Have the issues raised around the Ellen Pao v. Kleiner Perkins trial impacted the way you run your business? I’d like to hear from you in the comments below.

This piece originally appeared on the Huffington Post on April 16, 2015 and on LinkedIn on April 22, 2015.

The New Workplace: Leading Successfully Across Generations

 

Last month, I was honored to speak at the San Francisco Women in Leadership Symposium on the topic of “The New Workplace: Leading Successfully Across Generations.” As someone passionate about diversity in the workplace, this topic and forum provided me with an opportunity to delve into concerns and benefits of an increasingly disparate age range in the workplace. The thoughts below are what I offered on-stage.

A few years ago, Wells Fargo surveyed 1,000 Americans between the ages of 25 and 75 about their retirement plans. Some of the findings were shocking, including that 30% of the people surveyed believed they would be working until 80 in order to have a comfortable retirement. And, generally, those same middle-class Americans believed they would be living near the poverty line in their retirement, collecting about half of their present income per year – about $25,000.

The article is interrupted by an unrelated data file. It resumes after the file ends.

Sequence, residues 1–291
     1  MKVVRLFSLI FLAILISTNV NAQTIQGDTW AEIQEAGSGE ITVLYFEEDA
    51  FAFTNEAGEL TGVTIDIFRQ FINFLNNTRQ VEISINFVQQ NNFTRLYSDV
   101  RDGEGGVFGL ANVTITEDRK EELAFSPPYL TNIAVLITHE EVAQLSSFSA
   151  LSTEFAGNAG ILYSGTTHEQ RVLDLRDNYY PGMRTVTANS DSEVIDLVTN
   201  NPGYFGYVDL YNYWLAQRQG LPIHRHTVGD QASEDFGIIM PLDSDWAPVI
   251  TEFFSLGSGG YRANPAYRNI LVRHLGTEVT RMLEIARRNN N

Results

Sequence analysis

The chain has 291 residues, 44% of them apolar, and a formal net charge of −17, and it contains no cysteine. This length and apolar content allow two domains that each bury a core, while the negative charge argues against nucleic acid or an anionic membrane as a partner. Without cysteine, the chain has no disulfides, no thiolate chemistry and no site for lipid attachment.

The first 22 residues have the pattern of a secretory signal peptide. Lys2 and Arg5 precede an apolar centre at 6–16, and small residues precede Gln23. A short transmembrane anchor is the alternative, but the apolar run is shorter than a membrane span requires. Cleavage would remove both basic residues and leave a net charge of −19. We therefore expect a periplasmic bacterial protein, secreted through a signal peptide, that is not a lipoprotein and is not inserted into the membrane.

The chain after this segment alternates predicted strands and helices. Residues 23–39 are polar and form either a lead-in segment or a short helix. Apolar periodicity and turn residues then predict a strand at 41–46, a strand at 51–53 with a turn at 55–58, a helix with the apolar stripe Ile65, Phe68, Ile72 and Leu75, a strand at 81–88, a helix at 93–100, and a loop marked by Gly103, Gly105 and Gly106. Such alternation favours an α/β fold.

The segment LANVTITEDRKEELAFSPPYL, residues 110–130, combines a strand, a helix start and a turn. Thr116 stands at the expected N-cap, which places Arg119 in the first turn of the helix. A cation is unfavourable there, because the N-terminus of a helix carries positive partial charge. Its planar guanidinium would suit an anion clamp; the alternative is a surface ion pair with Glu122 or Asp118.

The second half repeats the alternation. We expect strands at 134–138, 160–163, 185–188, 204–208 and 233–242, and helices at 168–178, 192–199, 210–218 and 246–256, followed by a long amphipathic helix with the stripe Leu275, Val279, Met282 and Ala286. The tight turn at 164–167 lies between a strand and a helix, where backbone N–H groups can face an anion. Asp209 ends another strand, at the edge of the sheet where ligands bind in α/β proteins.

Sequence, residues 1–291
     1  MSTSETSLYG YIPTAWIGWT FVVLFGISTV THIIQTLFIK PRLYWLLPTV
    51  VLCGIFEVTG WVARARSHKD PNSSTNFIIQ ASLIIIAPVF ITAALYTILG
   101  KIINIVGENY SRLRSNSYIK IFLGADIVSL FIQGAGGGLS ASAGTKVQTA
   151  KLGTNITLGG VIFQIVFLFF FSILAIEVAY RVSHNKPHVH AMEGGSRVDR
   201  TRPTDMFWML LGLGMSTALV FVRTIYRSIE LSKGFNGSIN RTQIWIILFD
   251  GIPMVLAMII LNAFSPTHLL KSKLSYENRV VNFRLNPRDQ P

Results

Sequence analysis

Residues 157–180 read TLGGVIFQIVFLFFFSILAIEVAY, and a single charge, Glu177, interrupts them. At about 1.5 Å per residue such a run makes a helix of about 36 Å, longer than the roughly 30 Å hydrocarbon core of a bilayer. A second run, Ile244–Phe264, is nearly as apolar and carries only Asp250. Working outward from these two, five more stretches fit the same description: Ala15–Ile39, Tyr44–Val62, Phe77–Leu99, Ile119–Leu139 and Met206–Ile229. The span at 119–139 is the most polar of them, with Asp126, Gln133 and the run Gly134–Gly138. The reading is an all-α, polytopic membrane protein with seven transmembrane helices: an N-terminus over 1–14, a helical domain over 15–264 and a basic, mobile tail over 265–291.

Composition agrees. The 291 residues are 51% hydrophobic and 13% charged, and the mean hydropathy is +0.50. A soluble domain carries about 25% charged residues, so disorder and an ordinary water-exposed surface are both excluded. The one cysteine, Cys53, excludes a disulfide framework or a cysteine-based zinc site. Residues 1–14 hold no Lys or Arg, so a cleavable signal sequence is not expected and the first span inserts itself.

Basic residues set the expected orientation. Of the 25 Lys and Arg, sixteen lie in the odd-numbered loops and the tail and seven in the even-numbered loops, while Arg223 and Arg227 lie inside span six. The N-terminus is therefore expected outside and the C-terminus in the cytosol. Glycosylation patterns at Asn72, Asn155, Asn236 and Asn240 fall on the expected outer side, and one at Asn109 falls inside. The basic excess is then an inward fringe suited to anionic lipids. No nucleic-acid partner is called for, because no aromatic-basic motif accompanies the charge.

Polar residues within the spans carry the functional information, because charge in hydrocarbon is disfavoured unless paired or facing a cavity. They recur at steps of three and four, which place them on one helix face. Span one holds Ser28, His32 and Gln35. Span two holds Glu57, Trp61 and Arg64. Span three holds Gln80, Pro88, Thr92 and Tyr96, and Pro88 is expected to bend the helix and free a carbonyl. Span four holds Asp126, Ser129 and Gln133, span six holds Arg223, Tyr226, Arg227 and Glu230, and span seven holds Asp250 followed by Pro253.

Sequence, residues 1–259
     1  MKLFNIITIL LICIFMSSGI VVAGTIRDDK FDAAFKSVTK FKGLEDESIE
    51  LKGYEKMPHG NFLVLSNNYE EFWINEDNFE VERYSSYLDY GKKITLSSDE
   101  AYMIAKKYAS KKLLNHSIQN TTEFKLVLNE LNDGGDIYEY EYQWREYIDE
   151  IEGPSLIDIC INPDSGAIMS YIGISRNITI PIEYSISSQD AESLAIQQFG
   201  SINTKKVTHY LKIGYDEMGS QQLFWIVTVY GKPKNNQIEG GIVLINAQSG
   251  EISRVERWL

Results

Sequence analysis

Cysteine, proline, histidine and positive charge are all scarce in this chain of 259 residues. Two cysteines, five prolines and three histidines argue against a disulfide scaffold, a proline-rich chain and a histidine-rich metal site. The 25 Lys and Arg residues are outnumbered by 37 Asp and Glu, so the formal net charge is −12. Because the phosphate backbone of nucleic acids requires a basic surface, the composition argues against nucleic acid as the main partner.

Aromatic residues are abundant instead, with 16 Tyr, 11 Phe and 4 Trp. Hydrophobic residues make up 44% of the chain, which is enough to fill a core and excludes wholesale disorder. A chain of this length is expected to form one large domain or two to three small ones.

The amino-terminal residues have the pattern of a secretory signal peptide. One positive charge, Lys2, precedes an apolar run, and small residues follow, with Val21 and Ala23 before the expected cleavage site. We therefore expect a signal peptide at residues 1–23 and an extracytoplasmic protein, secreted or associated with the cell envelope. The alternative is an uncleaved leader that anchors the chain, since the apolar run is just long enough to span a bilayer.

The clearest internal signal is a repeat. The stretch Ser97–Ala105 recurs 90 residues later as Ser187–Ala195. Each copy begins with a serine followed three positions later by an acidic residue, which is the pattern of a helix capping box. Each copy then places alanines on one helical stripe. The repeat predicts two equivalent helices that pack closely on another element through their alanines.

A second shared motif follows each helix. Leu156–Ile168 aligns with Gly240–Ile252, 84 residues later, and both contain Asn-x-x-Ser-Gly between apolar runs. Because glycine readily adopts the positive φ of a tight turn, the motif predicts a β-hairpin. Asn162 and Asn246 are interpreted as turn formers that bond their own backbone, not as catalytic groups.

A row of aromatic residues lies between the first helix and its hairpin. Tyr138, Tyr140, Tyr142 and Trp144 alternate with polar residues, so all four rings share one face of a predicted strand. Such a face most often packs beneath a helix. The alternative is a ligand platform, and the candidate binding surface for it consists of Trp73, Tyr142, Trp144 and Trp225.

Now, I don’t know about you, but I find the data from that survey to be unnerving. I don’t want to work until I’m 80, and I don’t want to be in poverty when I retire. I have to plan accordingly. And, as a leader of a technology company, I don’t have to plan only for myself. I have to plan for a future in which I may be managing eighty year-olds alongside twenty year-olds. What is that going to look like?